Behavior-Based Safety (BBS) is viewed as a way to create a safety partnership between management and employees that helps focus attention and action on daily safety behavior to ensure a safe workforce. While BBS has been useful in some companies, not everyone agrees on its effectiveness or value. During this lively discussion, we will speak to the pros, cons and alternatives to BBS programs.
You will learn:
Pamala Bobbitt, Director of Product Marketing and Channels, Cority
Pamala Bobbitt is director of product marketing and channels at Cority, where she is in charge of the expansion of Cority’s partner program and brings deep expertise in EHS processes and software to the role. Having trained as a Chemist, Bobbitt spent more than 15 years as an EHS professional in the pharmaceutical, chemical and automotive industries. Most recently, she has spent the past decade at EHS Software vendors using her industry expertise to translate business requirements into successful software programs.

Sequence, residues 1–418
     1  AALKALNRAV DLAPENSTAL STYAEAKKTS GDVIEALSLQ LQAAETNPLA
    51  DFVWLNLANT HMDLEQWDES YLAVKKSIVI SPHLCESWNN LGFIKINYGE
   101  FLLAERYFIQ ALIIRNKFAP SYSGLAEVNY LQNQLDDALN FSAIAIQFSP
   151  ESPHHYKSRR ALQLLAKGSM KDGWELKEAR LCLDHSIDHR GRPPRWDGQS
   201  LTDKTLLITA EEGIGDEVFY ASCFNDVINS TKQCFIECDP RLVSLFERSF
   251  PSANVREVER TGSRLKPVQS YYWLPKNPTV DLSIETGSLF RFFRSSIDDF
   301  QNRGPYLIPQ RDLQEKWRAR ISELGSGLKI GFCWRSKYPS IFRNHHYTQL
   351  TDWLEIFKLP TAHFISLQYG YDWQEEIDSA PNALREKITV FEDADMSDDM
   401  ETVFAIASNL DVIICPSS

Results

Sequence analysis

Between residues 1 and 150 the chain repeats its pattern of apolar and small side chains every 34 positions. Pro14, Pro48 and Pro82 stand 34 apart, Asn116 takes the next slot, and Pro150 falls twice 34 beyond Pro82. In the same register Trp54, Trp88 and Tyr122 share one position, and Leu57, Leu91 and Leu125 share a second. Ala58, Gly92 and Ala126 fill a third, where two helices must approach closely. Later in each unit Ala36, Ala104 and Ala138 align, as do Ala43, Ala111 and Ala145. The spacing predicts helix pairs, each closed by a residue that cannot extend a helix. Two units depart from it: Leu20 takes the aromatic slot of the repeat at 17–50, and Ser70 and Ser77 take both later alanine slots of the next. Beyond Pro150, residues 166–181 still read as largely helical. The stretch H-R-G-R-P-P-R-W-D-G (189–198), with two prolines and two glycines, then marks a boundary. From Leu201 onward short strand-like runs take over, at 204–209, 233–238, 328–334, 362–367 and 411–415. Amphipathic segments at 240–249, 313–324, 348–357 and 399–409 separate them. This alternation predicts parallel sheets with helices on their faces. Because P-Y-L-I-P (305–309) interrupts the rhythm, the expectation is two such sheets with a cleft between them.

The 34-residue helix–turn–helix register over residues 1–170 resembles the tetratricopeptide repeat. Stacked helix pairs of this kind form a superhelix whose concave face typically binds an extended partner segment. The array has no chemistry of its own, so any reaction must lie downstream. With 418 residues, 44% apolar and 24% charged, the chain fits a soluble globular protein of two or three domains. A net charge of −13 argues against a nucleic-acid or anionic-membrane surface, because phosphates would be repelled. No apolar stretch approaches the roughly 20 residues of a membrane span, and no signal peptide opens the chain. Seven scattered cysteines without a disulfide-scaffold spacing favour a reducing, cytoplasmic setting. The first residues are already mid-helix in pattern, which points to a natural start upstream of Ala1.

Judy Agnew, Ph.D., Senior Vice President, Safety Solutions, Aubrey Daniels International
Judy Agnew is a recognized thought leader in the field of behavior-based safety and safety leadership, and an expert consultant with more than 25 years of experience working with clients in a variety of industries to create behavioral interventions that ensure organizations are safe by design. As senior vice president of safety solutions at Aubrey Daniels International (ADI), Agnew partners with clients to create behavior-based interventions that use positive, practical approaches to improve human performance. She has also authored articles for a variety of publications and has presented at major safety conferences, including the National Safety Council, ASSE and Behavioral Safety Now, as well as industry and corporate events. Agnew is the author of three books, “Removing Obstacles to Safety” (with Gail Snyder), “Safe by Accident?” (with Aubrey Daniels) and “A Supervisor’s Guide to Safety Leadership”.
Joe Bush, Associate Editor, Safety+Health magazine.
Joe Bush covers worker safety for Safety+Health.